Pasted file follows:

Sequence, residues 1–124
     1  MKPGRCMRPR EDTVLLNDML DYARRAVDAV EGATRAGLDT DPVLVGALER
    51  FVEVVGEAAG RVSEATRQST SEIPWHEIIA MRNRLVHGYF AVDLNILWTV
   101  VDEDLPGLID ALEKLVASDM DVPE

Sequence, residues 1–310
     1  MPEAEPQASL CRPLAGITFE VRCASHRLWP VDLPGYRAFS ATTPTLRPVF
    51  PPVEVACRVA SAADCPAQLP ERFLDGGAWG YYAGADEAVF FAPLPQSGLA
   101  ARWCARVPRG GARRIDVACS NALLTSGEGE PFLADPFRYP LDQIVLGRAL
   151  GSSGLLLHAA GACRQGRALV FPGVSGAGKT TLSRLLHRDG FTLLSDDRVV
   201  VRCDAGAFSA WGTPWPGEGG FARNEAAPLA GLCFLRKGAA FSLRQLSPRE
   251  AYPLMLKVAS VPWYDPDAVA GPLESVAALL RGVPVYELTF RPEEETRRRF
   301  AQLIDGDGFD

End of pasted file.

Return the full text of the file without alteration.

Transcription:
Sequence, residues 1–124
     1  MKPGRCMRPR EDTVLLNDML DYARRAVDAV EGATRAGLDT DPVLVGALER
    51  FVEVVGEAAG RVSEATRQST SEIPWHEIIA MRNRLVHGYF AVDLNILWTV
   101  VDEDLPGLID ALEKLVASDM DVPE

Sequence, residues 1–310
     1  MPEAEPQASL CRPLAGITFE VRCASHRLWP VDLPGYRAFS ATTPTLRPVF
    51  PPVEVACRVA SAADCPAQLP ERFLDGGAWG YYAGADEAVF FAPLPQSGLA
   101  ARWCARVPRG GARRIDVACS NALLTSGEGE PFLADPFRYP LDQIVLGRAL
   151  GSSGLLLHAA GACRQGRALV FPGVSGAGKT TLSRLLHRDG FTLLSDDRVV
   201  VRCDAGAFSA WGTPWPGEGG FARNEAAPLA GLCFLRKGAA FSLRQLSPRE
   251  AYPLMLKVAS VPWYDPDAVA GPLESVAALL RGVPVYELTF RPEEETRRRF
   301  AQLIDGDGFD